BASF is restructuring its liquid coatings operations in North America. The company will end production of automotive liquid coatings in Morganton, N.C., cutting about 100 jobs, and transfer operations to Decatur, Ala.; Greenville, Ohio; Tultitlan, Mexico; and Windsor, Ontario. The transfer is set to be complete by June 30, 2005. A powder coatings unit at Morganton will continue to operate with a staff of about 10.

UCB opens big drug active unit

UCB has opened a $40 million facility at its Braine-l'Alleud, Belgium, site for production of the active ingredient in its Keppra antiepilepsy drug. UCB says the new plant employs 170 workers and adds 150 metric tons per year of capacity for the drug to the 80 metric tons that it operates in Bulle, Switzerland. The plant, called the largest of its kind in the world, uses simulating moving-bed chromatography to separate the drug's enantiomers.

Dow is object of Bhopal hoax

Dow Chemical's stock price slipped after BBC World issued a bogus television report that the firm had accepted full responsibility for the Bhopal, India, disaster and would pay $12 billion in compensation. Dow's share price fell 3.4% in trading on the Frankfurt Stock Exchange on Dec. 3 after the 24-hour news service interviewed a purported Dow spokesman in Paris. Dec. 3 was the 20th anniversary of the disaster. A Dow spokeswoman promptly denied the report. When the market opened in New York, shares soon began to trade above their opening price. BBC apologized for the false report. The hoaxer later told BBC that he was part of the Yes Men, a group that pokes fun at business and governments. Two years ago, the Yes Men put up a bogus website spoofing Dow.

Union lockouts end and begin

The Paper, Allied-Industrial, Chemical & Energy Workers International Union (PACE) says a three-and-a-half-year lockout of 86 workers has ended at Continental Carbon's carbon black plant in Ponca City, Okla. Union members ratified a new five-year contract on Dec. 2 by a three-to-one margin. A new union lockout has begun, however. Polymer maker Omnova Solutions has locked out about 160 United Steelworkers members at its Jeannette, Pa., plant after what it says were six months of stalled negotiations.

More upheaval in COX-2 drugs

The COX-2 class of painkillers continues to be roiled following the withdrawal of Merck's Vioxx. According to Prudential Equity Group analyst Timothy Anderson, Pfizer's Bextra (valdecoxib) will carry a warning about health risks for patients who have undergone coronary artery bypass surgery. The label had recently been changed to include a so-called black box warning about a potentially lethal skin reaction. Novartis has pulled its EU application for Prexige (lumiracoxib) pending the outcome of a review of all COX-2 inhibitors by the European Medicines Agency. Prexige is sold in Latin America, the U.K., Australia, and New Zealand. Novartis says it plans to file for U.S. approval in 2007. GlaxoSmithKline has a COX-2 painkiller in its pipeline called 406381. The firm has been planning to file for approval in 2006 but is in discussions with regulators at this time. Merck, meanwhile, says it has appointed a special board committee to review its actions prior to the Vioxx withdrawal.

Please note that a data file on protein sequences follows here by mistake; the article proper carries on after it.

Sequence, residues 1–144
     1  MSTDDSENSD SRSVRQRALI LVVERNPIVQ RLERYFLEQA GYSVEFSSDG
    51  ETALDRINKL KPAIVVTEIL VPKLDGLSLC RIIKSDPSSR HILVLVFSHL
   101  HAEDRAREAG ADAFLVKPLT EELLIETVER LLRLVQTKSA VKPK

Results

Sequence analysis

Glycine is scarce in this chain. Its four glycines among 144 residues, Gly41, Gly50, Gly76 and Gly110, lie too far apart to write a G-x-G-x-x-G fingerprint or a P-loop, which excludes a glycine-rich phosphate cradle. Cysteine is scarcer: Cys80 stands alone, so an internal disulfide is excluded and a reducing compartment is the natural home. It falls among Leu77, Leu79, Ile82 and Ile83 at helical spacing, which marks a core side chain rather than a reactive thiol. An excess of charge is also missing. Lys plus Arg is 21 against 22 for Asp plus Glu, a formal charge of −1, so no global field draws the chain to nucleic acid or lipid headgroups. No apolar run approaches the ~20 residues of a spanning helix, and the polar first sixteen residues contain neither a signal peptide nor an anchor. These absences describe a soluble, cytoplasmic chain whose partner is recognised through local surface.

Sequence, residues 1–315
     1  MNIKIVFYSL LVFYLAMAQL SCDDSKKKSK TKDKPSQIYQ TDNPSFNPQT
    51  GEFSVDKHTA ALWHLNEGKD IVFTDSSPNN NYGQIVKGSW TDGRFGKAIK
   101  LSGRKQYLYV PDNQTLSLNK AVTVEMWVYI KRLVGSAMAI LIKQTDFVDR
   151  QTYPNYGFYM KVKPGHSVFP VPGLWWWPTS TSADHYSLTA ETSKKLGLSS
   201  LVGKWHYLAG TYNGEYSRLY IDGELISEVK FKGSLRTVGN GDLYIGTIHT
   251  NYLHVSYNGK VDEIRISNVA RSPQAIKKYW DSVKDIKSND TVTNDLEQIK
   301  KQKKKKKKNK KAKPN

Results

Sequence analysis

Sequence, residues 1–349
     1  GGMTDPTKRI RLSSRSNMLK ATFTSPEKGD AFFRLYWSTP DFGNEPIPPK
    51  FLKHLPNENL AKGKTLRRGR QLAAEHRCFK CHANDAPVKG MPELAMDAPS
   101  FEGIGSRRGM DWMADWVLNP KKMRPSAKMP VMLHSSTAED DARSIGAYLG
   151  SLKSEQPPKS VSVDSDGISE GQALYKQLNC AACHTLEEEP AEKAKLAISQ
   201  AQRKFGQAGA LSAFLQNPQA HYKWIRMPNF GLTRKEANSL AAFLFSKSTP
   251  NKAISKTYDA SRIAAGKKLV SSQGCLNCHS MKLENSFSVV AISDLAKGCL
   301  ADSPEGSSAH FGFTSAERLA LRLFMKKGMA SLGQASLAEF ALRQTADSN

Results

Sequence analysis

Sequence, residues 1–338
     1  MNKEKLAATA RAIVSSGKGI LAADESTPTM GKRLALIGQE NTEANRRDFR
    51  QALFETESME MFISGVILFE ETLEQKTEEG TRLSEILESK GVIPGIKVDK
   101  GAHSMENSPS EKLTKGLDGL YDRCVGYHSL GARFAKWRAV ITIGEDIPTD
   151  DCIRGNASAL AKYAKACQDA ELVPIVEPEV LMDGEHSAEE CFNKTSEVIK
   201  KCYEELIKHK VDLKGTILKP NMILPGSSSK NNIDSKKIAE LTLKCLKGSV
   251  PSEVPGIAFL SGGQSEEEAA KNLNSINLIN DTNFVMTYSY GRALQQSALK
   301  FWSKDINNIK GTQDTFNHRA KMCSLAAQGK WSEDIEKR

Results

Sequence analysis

Celgene deal in thalidomide

Celgene and Pharmion are modifying their thalidomide collaboration. Celgene will now receive $77 million in return for a "substantial reduction" in the price that Pharmion pays for thalidomide, giving Pharmion a greater revenue stake in the thalidomide business. Pharmion has also agreed to pay Celgene an additional $8 million for thalidomide development. Celgene acquired thalidomide producer Penn T in October. Thalidomide, a drug associated with birth defects, is being explored as a treatment for autoimmune diseases and cancer.